We knocked down our air-raid shelter (most London gardens had one at that time), and we hit upon the notion of using the rubble to build a rockery. Not very glamorous, but, facing forward, and hidden with plants, the rocks looked almost natural.

Only part of the garden border was really sunny, the rest being in partial shade, and, through lack of knowledge, I lost a lot of plants which desired full sun and failed to flourish in half-shade or full shade.

Gradually I learnt to follow planting instructions instead of making it up as I went along, and the results, if not spectacular, were at least rewarding.

I tried in a desultory fashion to grow the occasional vegetable, without much success. Then, on my retirement, I went at it hammer and tongs, or shall we say shovel and prongs!

My vegetable patch was born!

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The Basics of Growing Vegetables

This is a wide subject, and whole books are written about it, so here you will find just some general instructions

I am not going into great detail about this, and if you need more specialized information, you may need to do a little research yourself. So this section will just give you an overview of what it is that you need to know.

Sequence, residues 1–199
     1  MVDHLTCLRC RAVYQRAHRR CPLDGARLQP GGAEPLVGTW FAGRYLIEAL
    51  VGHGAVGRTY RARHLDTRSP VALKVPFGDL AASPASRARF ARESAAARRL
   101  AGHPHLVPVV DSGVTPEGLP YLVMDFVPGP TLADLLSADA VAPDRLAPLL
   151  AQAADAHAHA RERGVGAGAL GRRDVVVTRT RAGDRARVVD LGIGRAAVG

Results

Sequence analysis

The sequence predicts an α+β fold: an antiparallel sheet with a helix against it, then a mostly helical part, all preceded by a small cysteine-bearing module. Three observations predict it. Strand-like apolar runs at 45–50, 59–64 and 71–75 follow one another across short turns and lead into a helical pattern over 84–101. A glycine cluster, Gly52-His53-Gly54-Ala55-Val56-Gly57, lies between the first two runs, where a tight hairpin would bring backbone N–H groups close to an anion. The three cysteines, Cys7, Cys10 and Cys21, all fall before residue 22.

• For a productive vegetable patch, you need good well-nourished soil, free of stones and weeds.
  • Digging and feeding virgin soil is very hard work, and there are tilling machines which do the job, but if there isn't one available, you just have to dig over the area yourself, to the depth of your spade, and a little deeper if possible.
  • Then you mix in sand and manure with the earth and, if the soil still doesn't break up easily, add some potting compost and rotted organic material to enrich it.
  • Keep chopping it all up, mixing it and exposing it to the weather and turning it over, until the earth feels crumbly and breaks up.

A Must Have Book About Vegetable Growing - You need to look things up if you don't know how to do things

How To Grow Organic Vegetables, Fruit, Herbs and Flowers: The complete guide to cultivating a productive and beautiful garden the natural way, with 800 step-by-step photographs